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A single administration of Neurotropin reduced the elongated immobility time in the forced swimming test of rats exposed to repeated cold stress

Nasu, Teruakia,,b; Kubo, Asakob,,c; Queme, Luis F.b,,d; Mizumura, Kazueb,,c

doi: 10.1097/FBP.0000000000000488
Research Reports

Many people suffer from a major depressive disorder, and chronic pain conditions are often associated with depressive symptoms. Neurotropin, an extract from the inflamed skin of rabbits inoculated with vaccinia virus, has been used for pain relief. Decrease of brain-derived neurotrophic factor (BDNF) in the brain is one of the proposed mechanisms for the major depressive disorders, and Neurotropin has been reported to restore the decreased BDNF in the hippocampus. In this experiment, we examined whether Neurotropin had an antidepressant-like effect in a model of fibromyalgia and whether BDNF in the brain was altered after repeated cold stress (RCS) and Neurotropin treatment. Rats were exposed to RCS because these animals have been used as a model for fibromyalgia syndrome. Depression-like behavior was evaluated using elongation of immobility time in a forced swimming test. Change in expression of BDNF in the brain was also examined by western blot analysis of several brain areas. Depression-like behavior in the forced swimming test was significantly increased 10–14 days after RCS, and this increase was reversed by a single injection of an antidepressant, imipramine, but not by PBS. Increased depression-like behavior was also dose-dependently suppressed by a single administration of Neurotropin (50–200 NU/kg, subcutaneously). BDNF expression was not changed in the brain areas examined (hippocampus, amygdala, prefrontal cortex, and striatum) either after RCS or by Neurotropin injected after RCS. These results suggest that RCS induced a depression-like state in rats, and Neurotropin reversed this state. However, we did not observe a BDNF-related mechanism for these effects.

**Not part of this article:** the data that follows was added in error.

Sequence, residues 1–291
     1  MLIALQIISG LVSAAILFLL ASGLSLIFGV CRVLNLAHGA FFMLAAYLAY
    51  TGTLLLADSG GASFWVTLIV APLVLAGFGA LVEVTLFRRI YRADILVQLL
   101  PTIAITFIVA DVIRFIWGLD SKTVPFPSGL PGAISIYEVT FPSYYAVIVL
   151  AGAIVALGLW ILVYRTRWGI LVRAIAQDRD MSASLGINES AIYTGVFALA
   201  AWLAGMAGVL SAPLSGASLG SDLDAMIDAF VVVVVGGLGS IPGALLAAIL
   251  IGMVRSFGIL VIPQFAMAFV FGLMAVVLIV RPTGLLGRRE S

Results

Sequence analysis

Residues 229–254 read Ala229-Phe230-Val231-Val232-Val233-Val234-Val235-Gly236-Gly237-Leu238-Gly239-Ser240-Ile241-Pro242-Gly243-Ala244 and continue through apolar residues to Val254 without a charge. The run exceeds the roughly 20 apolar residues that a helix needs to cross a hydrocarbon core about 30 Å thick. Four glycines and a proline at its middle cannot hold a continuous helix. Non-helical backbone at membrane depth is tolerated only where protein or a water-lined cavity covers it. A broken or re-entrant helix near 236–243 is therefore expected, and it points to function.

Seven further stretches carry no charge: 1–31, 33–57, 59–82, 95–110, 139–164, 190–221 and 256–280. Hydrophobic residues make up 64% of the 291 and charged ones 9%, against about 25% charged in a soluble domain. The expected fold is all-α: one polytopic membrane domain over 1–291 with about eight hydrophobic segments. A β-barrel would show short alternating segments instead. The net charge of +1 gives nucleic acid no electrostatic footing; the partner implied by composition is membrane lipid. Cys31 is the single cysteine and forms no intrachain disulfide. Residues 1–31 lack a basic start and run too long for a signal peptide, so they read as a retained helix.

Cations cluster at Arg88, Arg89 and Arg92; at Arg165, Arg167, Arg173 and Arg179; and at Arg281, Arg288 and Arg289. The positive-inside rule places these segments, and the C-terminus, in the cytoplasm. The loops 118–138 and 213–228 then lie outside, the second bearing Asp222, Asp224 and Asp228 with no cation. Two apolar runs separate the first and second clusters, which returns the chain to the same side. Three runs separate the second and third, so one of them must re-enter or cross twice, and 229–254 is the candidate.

aDepartment of Physical Therapy, Faculty of Health Sciences, Mejiro University, Saitama

bDepartment of Physical Therapy, College of Life and Health Sciences, Chubu University, Kasugai

cDepartment of Physiology, Nihon University School of Dentistry, Tokyo

dGraduate School of Medicine, Nagoya University, Nagoya, Japan

Present Address: Luis F. Queme: Department of Anesthesia, Division of Pain Management, Cincinnati Children’s Hospital Medical Center, Cincinnati, Ohio, USA

Received 14 November 2018 Accepted as revised 10 April 2019

Correspondence to Kazue Mizumura, MD, PhD, Department of Physiology, Nihon University School of Dentistry, 1-8-13 Kandasurugadai, Tokyo 101–8310, Japan E-mail:

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